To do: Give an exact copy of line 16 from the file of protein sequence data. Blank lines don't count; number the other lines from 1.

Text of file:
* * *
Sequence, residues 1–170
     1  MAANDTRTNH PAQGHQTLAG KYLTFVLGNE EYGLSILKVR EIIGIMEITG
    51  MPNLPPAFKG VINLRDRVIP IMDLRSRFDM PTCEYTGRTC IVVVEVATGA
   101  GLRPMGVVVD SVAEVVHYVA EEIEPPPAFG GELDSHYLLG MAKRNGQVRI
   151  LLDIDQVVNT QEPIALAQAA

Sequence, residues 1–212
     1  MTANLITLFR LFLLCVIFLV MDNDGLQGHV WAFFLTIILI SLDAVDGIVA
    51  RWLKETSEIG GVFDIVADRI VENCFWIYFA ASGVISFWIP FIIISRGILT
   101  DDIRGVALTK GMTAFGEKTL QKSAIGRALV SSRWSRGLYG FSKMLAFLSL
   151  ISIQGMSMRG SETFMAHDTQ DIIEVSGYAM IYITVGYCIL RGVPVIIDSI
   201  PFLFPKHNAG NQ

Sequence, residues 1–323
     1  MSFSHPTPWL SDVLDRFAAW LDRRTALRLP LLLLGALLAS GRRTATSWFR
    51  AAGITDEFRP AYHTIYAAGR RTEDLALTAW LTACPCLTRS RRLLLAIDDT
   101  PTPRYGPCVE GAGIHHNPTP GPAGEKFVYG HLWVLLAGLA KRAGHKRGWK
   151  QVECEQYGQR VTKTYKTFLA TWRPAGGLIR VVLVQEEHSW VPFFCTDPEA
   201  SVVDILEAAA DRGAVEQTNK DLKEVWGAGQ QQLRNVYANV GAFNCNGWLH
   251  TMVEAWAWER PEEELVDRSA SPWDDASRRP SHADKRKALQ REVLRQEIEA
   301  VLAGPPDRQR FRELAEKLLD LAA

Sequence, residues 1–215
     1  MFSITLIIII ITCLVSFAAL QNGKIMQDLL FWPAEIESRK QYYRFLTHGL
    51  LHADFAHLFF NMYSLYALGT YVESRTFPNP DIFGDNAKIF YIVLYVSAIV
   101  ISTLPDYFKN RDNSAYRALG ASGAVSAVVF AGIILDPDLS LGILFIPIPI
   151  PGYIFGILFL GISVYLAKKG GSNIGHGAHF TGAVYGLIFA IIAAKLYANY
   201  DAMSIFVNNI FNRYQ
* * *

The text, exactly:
   151  QVECEQYGQR VTKTYKTFLA TWRPAGGLIR VVLVQEEHSW VPFFCTDPEA